The dream of the '90s is alive in St. Louis. While most trends tend to move in twenty-year cycles, that particular decade has particularly fun doomsday bookends: The Cold War ended in 1991, while nearly ten years later, not ready to hang up the idea of a good 'ol apocalypse, society predicted doom at the hands of Y2K.
Now that we're in the present and back to real issues like civil rights, St. Louis gets to enjoy the soundtrack to those Clinton years all weekend long.
FRIDAY, MAY 22
Built To Spill w/ Wooden Indian Burial Ground, Clarke and the Himselfs Friday, May 22 The Ready Room 8 p.m. | $22-$25 Some would say Built to Spill's heydey was in the mid '90s -- those people would be wrong. Frontman and founder Doug Martsch brings a new lineup along with a fresh set of songs from this year's Untethered Moon to the Ready Room for a return to form with a fresh perspective in tow. The show is worth scoping out, if only to see an "indie rock" band that inspired 20 million or so other groups of that ilk.
Bum and Possum Combination w/ The Jaded Millennials, Patrick Junior Friday, May 22 The Heavy Anchor 9 p.m. | $5 Through bent synth and scattershot drums, Bum and Possum Combination brings a stripped down kind of free jazz with all its naughty bits laid bare. The result feels minimalist but never too thin or disparate, despite the band's humble trappings of just a few key instruments.
Joe Jack Talcum w/ Samuel Locke Ward, Googolplexia, Daren Gratton Friday, May 22 The Firebird 8 p.m. | $8-$10 Joe Genaro of the legendary Dead Milkmen brings out endearing and deeply personal songs broken up only by irreverent stage banter. Although his home recordings sat backseat to his full band's fame until recent years, Joe Jack Talcum has grown from a hidden gem to a true national treasure. This is one of America's strongest songwriters today, bar-none.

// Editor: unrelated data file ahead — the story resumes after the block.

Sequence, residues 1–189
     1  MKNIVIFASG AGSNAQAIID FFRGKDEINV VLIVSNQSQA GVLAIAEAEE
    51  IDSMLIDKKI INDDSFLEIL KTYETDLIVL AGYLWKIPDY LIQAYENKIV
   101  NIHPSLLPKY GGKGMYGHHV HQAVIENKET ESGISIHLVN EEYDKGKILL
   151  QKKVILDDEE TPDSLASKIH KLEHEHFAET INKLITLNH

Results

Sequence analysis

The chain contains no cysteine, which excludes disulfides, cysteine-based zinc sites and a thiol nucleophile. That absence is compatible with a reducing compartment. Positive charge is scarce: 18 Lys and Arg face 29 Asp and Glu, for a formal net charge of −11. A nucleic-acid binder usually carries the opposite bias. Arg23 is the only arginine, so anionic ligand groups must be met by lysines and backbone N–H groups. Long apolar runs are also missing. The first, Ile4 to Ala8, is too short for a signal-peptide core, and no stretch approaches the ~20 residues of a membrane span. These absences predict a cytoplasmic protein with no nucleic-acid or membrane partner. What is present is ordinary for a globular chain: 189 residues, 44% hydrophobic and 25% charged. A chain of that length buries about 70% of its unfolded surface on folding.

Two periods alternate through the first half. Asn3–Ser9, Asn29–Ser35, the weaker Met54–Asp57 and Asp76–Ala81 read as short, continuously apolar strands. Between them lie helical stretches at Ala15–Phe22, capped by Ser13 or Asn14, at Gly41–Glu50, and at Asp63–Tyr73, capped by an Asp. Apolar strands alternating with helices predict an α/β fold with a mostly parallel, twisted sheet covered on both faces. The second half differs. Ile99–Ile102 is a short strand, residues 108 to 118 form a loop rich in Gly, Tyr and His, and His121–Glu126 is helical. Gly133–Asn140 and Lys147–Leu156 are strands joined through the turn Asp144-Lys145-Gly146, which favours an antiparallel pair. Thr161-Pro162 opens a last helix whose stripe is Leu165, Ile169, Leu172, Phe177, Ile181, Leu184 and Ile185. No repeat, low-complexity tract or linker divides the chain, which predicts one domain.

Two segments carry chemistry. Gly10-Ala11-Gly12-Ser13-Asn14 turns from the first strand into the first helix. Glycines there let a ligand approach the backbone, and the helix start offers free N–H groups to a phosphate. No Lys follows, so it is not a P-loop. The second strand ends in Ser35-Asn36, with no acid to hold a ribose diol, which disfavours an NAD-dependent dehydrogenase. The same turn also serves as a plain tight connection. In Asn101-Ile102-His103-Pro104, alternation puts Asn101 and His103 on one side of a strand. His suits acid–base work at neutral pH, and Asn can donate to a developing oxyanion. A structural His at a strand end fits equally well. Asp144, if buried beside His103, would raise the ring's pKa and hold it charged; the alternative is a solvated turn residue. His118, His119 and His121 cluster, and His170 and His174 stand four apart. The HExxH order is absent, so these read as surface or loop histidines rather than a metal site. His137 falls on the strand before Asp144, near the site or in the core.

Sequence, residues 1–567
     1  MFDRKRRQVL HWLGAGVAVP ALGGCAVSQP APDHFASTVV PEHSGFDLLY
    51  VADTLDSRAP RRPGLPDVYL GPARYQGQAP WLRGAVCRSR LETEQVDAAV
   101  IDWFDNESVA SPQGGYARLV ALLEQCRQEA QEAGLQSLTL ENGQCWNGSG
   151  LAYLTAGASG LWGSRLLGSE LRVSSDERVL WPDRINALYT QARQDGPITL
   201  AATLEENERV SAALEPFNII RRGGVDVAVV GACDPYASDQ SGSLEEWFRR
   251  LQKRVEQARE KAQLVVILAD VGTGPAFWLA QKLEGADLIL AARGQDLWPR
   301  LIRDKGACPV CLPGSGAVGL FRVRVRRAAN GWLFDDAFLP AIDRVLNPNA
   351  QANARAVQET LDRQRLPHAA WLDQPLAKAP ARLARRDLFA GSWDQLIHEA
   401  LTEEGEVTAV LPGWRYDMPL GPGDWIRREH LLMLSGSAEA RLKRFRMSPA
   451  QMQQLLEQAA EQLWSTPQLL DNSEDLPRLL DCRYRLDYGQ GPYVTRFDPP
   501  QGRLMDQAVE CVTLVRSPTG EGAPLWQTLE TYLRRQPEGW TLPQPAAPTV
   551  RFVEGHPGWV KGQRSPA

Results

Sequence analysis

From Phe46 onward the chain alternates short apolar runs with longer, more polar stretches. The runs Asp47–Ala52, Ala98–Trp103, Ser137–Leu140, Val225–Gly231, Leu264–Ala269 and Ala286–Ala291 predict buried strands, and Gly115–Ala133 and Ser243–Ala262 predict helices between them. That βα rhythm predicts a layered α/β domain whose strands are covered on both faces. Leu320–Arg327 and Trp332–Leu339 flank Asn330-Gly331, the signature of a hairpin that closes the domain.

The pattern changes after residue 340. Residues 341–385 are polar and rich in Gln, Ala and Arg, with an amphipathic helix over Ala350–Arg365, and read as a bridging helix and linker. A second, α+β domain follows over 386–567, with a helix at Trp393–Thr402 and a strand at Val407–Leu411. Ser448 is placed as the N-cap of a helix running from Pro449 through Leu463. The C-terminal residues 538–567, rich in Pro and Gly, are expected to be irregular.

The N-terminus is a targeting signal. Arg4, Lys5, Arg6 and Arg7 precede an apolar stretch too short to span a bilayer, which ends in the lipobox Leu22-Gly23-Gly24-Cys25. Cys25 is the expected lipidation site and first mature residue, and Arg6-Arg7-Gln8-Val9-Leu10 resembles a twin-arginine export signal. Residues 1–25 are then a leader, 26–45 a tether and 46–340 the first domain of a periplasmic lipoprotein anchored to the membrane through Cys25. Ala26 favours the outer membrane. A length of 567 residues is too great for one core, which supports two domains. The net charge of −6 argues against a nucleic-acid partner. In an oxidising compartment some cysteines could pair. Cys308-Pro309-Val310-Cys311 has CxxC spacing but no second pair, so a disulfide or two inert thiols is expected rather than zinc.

New Kids On The Block w/ TLC, Nelly Friday, May 22 Scottrade Center 7 p.m. | $29.50-$92.50 New Kids On The Block had a bunch of hits, Chinese food makes me... wait. If only LFO could actually be here today, performing alongside the band whose name made them famous. This lineup sells itself really -- even if you're not one to go gaga over groups that predate "Now That's What I Call Music!" Although Nelly came years later, NKOTB and TLC both bring a tidal wave of total '90s nostalgia. Come dressed to impress.
SATURDAY, MAY 23
Onewayness w/ Hylidae, Eric Hall, Travis Bursik Saturday, May 23 Foam Coffee & Beer 9 p.m. | $5 Adam Holquist drives cyclical ambient work through a layered smattering of keys and warm tones. Dubbed Onewayness, he hones in on calming vibes, but provides nuance through an ample use of sampled sounds that trickle in. Hylidae promises a more laid back affair than his usual upbeat mashing of strings and synth amid samples and layered voicing. This show is anything but business as usual.
The Pat Sajak Assassins w/ The Tennis Lesson, Syna So Pro Saturday, May 23 The Heavy Anchor 9 p.m. | $5 This is technically a "t-shirt release show," to which we say: that shirt better be a work of wearable art. Through dueling keys and a heady post-punk approach to bass and drums, Pat Sajak Assassins approaches light prog-rock. Frantic beeping and glitchy riffs build up songs that invoke a video-game vibe without the cheesy exposition. If you saw Built to Spill the night before and need more, the Tennis Lesson builds on indie rock idioms with a jazz-tinged darkness.